Sharn Coombes came in second in tonight’s Australian Survivor finale, losing out to Olympic champion Shane Gould.
The criminal barrister was unable to persuade the jury to vote her way, and was ultimately crowned runner-up with four votes to Shane’s five.
We caught up with Sharn, 41, to ask her all about the finale and her experience on Australian Survivor.
TV WEEK: After winning immunity in the final challenge, you chose to take Shane with you to the final tribal council. Why did you choose Shane over Brian?
Sharn: The main reason for choosing Shane was that I basically have had a friendship with Shane since the start of the game, we’ve always been loyal to each other and we’ve always had each other’s backs and we’ve always been truthful to one another. Throughout the whole game I never lied to her at all. I respected her game, I respected the way she got to the end as well and I just felt that she was a worthy competitor. To be the best, you’ve got to beat the best, and I wanted to go up against Shane.
It’s hard to think of it like this, but do you think if you had picked Brian you would have won?
Going in to the final tribal I thought that I could beat both Brian and Shane. The reason for that belief was I felt that I had a really strong game, with strong game-play and a great social game, I thought I did everything I needed to do to deliver that great story to everyone at the end. So I felt confident against both of them. The reason I didn’t choose Brian was because I simply didn’t respect his game-play and the way that he… yes, in terms of his game-play he was physically strong and strategic, but in terms of his social game he didn’t play well because he didn’t keep me on side. So that’s something you’ve got to consider, and it’s something I certainly considered when I was playing, to keep your social game strong.
Did you feel you had to defend your game-play to some of the Champions because they had different ideas about playing with ‘honour’?
I did. Obviously I thought I played a game with honour and integrity, and that was kind of the theme of what I was saying to the jury at the end. But Mat [Rogers] was kind of fixated on this one aspect, the fact that I didn’t tell him there were potential votes on him that night where I played my idol. I just thought, for him to fire those questions at me, at that stage, in light of everything I’ve done in the game, given our relationship and the fact that he had an idol in his pocket at the time – he didn’t tell me that – and that Benji put me on the spot, I just thought it was a bit rich basically for him to give his vote to Shane on that basis. I thought there was a bit of unfairness there, especially considering he had his own idol and I had been put on the spot that night.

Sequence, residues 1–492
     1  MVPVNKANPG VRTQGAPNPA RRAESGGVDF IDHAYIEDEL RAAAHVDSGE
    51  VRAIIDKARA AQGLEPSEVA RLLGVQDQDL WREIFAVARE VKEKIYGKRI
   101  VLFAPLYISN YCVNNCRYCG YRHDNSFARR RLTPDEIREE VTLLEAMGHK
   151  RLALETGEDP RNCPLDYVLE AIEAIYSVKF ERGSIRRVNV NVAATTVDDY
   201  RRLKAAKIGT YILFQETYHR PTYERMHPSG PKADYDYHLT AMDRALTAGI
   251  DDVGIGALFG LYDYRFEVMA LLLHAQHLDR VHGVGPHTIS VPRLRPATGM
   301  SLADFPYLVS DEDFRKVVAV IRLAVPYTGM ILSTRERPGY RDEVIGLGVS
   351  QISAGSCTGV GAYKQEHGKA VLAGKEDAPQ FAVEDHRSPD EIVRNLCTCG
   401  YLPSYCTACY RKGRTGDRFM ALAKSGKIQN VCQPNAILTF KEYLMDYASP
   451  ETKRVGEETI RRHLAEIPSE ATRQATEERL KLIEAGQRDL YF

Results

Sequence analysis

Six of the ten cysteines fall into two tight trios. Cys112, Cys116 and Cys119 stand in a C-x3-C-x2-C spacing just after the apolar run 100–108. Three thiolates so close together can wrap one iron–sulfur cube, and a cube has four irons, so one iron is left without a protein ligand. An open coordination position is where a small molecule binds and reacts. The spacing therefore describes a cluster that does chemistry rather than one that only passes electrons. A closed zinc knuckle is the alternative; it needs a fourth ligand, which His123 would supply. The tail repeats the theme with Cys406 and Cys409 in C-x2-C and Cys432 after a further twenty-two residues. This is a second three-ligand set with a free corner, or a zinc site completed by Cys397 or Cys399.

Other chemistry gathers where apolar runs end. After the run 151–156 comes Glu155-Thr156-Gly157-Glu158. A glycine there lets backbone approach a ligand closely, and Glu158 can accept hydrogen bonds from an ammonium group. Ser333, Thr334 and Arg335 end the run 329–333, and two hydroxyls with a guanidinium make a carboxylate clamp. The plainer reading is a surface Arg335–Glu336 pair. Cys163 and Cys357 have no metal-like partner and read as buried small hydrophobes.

Especially considering you had always played with Mat and stuck by him, even when he was blindsiding other people in your alliance…
Yeah and we were great mates the whole time! So, to be honest, I didn’t expect that question from a great mate. I would have thought something like that, I thought he would have valued that I was trying to save him that night. If I was on the jury, and the roles were reversed, I would have thought ‘wow Mat you went out of your way to save me,’ but he seemed to take a different approach.
As a criminal barrister you’re used to making a case and presenting an argument to a jury, but was it tougher than you expected to answer all of their questions and deliver your final statement?
Yeah, I think in terms of my final pitch I was always going to be comfortable with delivering that. I did find it difficult with this jury though, because obviously everything I do in normal life is with an objective jury, a jury who are told to remove their emotions and to remove their prejudices. Whereas, the Survivor jury don’t because they are voting with their hearts and their emotions. So there is definitely a distinct difference there. So I think for me, I felt confident in pitching but answering those questions, the one from Mat particularly, where I thought ‘wow that’s unexpected.’ And I don’t know if it was completely justified.
And did that throw you a little bit?